A 2-week Malaysia itinerary
Two weeks is an ideal length for getting to know West Malaysia. Here’s a day-to-day Malaysia Route Guide.
Note: this travel guide only covers West Malaysia and not Borneo.
Here’s our two-week route map of Malaysia. Discover the route’s highlights and what locations you will be visiting in the country if you follow this travel guide.
Day 1 – 2: Kuala Lumpur
Touchdown in the majestic, buzzing capital of Malaysia. Kuala Lumpur is a cultural mix of people of Chinese, Indian, and Malay descent. As a result, English is a commonly spoken language throughout the entire country.
Visit the Batu Caves and the stunning Chinese Thean Hou Temple during the first two days of your Malaysia travel itinerary.
Where to Stay in Kuala Lumpur
Bukit Bintang and Brickfields are the two main areas to find a hotel in Kuala Lumpur. They are close to the city center, connected to the metro, and some sights are doable on foot.
Ritz Carlton is right in the middle of the city, next to the shopping mall. It offers multiple pools, a spa, a gym, comfortable beds, and a delicious buffet.
Day 3 – 4: Malacca
The charming riverside city of Malacca is a mix of colorful buildings, street art, and architecture of historical significance. The very walkable city center of Malacca is an official UNESCO Heritage site, and although a bit off the usual Malaysia travel route, it is well worth the detour.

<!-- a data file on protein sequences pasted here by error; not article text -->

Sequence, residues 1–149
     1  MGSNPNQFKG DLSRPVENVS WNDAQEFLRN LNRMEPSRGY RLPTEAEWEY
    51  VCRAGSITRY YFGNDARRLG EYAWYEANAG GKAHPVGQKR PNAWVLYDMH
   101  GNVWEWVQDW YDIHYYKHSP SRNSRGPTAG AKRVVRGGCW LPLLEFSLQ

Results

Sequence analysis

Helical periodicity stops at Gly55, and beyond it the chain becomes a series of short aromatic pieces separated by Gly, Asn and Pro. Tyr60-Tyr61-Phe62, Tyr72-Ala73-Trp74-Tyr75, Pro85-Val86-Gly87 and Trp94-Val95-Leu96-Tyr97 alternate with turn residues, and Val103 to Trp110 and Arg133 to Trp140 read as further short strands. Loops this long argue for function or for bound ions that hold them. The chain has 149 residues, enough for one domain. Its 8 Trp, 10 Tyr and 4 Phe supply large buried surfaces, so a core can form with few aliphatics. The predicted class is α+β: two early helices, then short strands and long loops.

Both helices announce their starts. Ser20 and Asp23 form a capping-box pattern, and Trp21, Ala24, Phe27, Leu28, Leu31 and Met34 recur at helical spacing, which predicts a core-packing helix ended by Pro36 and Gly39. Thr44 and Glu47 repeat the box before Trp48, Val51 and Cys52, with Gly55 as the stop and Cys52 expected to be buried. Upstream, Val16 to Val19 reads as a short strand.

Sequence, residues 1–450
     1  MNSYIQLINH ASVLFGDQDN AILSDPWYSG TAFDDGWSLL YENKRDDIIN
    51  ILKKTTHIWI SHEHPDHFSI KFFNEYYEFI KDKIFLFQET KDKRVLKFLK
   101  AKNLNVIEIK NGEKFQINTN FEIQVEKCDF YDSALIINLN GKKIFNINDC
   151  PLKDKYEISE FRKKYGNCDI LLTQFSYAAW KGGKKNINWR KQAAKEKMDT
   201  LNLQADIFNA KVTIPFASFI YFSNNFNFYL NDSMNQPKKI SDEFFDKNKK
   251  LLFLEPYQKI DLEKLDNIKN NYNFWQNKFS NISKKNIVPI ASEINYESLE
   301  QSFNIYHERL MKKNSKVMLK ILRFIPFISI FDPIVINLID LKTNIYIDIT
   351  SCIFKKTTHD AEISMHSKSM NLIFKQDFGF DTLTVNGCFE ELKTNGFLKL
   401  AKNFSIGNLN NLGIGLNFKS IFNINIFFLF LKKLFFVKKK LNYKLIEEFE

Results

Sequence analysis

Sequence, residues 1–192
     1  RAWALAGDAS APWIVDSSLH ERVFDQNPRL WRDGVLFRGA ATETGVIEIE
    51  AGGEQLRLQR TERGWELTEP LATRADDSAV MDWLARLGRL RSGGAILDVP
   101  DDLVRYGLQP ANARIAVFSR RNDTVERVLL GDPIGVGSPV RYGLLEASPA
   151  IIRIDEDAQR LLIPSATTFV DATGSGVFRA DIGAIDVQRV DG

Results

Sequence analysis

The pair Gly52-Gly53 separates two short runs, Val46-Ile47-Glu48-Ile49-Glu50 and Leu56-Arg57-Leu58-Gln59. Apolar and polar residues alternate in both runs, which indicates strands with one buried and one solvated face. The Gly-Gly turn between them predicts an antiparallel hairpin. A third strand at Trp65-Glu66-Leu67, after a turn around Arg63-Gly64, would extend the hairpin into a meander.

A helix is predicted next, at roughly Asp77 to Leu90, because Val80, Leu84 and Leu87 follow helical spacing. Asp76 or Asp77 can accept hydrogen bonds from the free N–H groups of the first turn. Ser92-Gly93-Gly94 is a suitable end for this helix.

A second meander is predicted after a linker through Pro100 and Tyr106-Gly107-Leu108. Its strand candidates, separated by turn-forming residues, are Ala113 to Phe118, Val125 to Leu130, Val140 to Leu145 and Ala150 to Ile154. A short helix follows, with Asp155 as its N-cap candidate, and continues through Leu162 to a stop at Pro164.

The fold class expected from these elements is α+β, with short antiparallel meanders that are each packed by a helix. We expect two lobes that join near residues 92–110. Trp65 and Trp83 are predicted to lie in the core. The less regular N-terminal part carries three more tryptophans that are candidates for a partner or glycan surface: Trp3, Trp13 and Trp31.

Kuala Lumpur to Malacca
Leave from Kuala Lumpur to Malacca on the morning of day 3. You will arrive before lunch which gives you 1.5 days to explore this small city.
Where to Stay in Malacca
It’s best to situate yourself centrally so as to be within walking distance from all the attractions. There is a nice atmosphere by the river, and plenty of hostels and guesthouses are situated here.
Guesthouses in Melaka are very reasonably priced and of good quality. However, there are more upmarket hotel options that sit a little further out of the center.
Day 5 – 6: Cameron Highlands
Make your way up into the highlands of Malaysia. The cooler, wetter climate, and fertile ground make this an area ideal for tea plantations. The Cameron Highlands is, therefore, famous for its never-ending tea plantations and stunning hiking trails.
Malacca to Cameron Highlands
From Malacca to Cameron Highlands is a long, but straightforward, 5-hour drive. To break up the long journey, stop at the Genting Highlands to see the Chin Swee Caves Temple. However, we would only recommend this if you travel by car. Rent a car here.
The Genting Highlands